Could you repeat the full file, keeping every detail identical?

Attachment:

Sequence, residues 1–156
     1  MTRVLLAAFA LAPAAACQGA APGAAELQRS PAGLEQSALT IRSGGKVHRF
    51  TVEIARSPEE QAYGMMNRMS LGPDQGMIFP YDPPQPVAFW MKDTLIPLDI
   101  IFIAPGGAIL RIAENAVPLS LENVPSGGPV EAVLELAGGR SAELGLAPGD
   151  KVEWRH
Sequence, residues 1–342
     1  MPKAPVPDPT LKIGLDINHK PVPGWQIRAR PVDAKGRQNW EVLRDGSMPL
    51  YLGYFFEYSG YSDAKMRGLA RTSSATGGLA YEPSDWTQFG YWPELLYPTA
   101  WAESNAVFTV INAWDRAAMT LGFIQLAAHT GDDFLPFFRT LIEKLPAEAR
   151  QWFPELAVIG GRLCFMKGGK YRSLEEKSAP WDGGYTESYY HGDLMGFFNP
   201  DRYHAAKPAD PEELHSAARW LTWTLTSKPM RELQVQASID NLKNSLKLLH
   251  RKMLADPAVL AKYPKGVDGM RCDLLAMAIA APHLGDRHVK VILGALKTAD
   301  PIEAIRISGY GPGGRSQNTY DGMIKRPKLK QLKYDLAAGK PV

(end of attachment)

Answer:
Sequence, residues 1–156
     1  MTRVLLAAFA LAPAAACQGA APGAAELQRS PAGLEQSALT IRSGGKVHRF
    51  TVEIARSPEE QAYGMMNRMS LGPDQGMIFP YDPPQPVAFW MKDTLIPLDI
   101  IFIAPGGAIL RIAENAVPLS LENVPSGGPV EAVLELAGGR SAELGLAPGD
   151  KVEWRH
Sequence, residues 1–342
     1  MPKAPVPDPT LKIGLDINHK PVPGWQIRAR PVDAKGRQNW EVLRDGSMPL
    51  YLGYFFEYSG YSDAKMRGLA RTSSATGGLA YEPSDWTQFG YWPELLYPTA
   101  WAESNAVFTV INAWDRAAMT LGFIQLAAHT GDDFLPFFRT LIEKLPAEAR
   151  QWFPELAVIG GRLCFMKGGK YRSLEEKSAP WDGGYTESYY HGDLMGFFNP
   201  DRYHAAKPAD PEELHSAARW LTWTLTSKPM RELQVQASID NLKNSLKLLH
   251  RKMLADPAVL AKYPKGVDGM RCDLLAMAIA APHLGDRHVK VILGALKTAD
   301  PIEAIRISGY GPGGRSQNTY DGMIKRPKLK QLKYDLAAGK PV